Here’s why.  In the scripture reading, Jesus appeared to the disciples WHILE they were talking about Jesus.  Coincidence?  I think not.  In fact, I would suggest a causal relationship: Jesus chose to appear to these disciples BECAUSE they were talking about him.  Y’all, when we spend more time focusing on Jesus in our lives, especially in conversation, we will be more attentive to Jesus’ presence and we will experience Jesus’ presence with us, we will receive strength from Jesus’ presence with us…MORE.

But the story of the disciples’ receiving strength didn’t end there. Those two disciples ALSO chose to talk about Jesus with OTHERS, not just themselves.  (The “other” in this instance happened to be Jesus, but the two disciples didn’t know it at the time; they would have talked to ANY others about Jesus.)

That’s a big shift, an essential shift, for the spread of Christianity.  It was in the 1st century, and it is today.

Let me share with you how I experience similar interactions in the world today.  I see two Christians, sometimes I’m PART of two Christians, talking about their faith, starting to get revved up, hearts burning, receiving strength.  Then, a stranger approaches and asks, “What are you discussing?” Actually, such faith conversations have a tendency to lead to this kind of question from others precisely because they can see how much the hearts of Christians are burning when they talk about Jesus, talk about faith.   But it’s in what happens next  that I see things take a dangerous turn.  More often than not, one or both of the two Christians respond to the stranger’s inquiry with something like, “Oh, nothing much.”  Really?!  Oh, nothing much??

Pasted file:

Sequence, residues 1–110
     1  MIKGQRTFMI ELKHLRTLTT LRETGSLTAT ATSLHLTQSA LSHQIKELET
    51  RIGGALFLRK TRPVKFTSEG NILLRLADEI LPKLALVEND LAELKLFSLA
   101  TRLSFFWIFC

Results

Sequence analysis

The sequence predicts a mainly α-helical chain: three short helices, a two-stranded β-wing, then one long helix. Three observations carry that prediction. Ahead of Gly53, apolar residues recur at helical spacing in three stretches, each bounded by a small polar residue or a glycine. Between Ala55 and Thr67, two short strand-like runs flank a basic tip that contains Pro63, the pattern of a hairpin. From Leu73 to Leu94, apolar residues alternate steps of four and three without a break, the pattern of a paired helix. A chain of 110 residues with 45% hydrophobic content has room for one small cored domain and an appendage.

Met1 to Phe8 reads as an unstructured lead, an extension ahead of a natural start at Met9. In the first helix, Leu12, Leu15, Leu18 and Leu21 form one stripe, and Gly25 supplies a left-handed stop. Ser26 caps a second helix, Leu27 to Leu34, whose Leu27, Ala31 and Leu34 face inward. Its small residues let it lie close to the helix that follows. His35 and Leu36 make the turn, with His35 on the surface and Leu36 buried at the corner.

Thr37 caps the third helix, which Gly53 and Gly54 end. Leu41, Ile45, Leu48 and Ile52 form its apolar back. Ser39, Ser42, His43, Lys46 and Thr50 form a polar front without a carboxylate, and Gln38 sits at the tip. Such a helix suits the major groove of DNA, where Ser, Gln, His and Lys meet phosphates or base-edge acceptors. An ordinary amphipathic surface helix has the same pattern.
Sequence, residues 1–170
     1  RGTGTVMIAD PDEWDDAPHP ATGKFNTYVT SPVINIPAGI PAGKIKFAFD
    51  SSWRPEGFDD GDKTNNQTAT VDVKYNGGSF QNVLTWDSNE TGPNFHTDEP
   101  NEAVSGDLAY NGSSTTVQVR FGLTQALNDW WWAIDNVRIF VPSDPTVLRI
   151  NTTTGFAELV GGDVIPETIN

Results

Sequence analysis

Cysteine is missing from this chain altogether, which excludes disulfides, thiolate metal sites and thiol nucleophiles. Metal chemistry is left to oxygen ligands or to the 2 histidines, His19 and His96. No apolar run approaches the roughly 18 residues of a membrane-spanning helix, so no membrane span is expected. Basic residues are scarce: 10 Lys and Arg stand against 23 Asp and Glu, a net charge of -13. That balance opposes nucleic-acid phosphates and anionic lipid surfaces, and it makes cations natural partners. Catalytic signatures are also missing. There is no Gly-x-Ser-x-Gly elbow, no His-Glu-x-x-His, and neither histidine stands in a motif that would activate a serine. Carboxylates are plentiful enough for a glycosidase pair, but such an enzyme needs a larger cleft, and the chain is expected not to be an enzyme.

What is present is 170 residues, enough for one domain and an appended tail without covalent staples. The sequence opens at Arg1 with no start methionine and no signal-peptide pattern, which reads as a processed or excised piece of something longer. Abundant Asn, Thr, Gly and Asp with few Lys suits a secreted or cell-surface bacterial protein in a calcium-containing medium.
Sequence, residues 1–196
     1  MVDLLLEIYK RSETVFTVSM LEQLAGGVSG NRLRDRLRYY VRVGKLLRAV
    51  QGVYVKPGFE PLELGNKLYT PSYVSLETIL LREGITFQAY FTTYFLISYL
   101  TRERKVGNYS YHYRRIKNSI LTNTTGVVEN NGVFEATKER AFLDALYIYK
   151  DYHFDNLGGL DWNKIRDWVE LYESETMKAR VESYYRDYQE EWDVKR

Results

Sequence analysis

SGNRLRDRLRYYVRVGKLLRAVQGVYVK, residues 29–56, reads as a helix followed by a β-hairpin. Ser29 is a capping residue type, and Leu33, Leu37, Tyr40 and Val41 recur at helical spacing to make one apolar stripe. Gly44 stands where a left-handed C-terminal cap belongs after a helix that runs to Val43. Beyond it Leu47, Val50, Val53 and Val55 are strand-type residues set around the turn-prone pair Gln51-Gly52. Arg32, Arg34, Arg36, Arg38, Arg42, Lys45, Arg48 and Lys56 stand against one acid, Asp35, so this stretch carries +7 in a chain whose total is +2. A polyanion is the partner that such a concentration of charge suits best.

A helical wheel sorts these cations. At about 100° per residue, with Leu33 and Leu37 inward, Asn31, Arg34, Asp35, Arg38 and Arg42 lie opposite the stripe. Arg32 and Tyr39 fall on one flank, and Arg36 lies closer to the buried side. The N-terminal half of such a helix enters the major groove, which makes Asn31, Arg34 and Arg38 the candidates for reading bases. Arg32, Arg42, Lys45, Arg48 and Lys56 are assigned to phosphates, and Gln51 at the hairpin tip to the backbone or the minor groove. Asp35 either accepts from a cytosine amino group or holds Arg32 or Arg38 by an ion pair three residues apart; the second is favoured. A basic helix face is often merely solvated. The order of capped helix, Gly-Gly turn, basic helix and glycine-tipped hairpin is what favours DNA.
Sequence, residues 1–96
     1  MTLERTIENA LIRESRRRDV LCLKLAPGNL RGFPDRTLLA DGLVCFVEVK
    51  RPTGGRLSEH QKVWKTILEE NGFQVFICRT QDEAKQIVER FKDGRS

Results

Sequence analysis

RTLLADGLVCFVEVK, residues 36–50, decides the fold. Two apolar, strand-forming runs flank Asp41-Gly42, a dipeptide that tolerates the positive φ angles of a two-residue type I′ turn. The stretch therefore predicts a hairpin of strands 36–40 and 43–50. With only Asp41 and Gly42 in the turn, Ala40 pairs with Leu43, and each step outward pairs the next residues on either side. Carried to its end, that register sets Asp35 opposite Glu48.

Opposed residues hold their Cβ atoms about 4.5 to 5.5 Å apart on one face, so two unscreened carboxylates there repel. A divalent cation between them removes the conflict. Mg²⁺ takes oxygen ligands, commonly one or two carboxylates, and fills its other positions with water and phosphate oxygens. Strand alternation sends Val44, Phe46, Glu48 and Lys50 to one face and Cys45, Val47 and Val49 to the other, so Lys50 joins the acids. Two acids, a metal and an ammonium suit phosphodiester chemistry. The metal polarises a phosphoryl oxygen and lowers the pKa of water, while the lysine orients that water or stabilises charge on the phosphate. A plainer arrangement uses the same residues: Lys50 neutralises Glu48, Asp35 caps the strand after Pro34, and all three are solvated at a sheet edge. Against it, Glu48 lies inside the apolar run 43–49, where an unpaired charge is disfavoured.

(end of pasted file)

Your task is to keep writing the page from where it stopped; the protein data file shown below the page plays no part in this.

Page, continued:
My friends, if talking about our faith makes our hearts burn, if talking about our faith gives us strength, if talking about our faith brings us closer to Jesus, why do we keep it locked up tight for NO ONE else to experience?  Why do we keep it locked up in our sanctuaries?  Why do we keep it locked away from our friends?  Why do we keep it locked away from our co-workers?  Don’t we want everyone to experience what we experience when we encounter Jesus?

Well, whatever your answer, the story of Cleopas and the other disciple from our reading today demonstrates that we receive power when we SHARE the stories of Jesus, share the faith, with others.  Also, sharing the story with others is the only way the story reaches more and more people…instead of dying with us!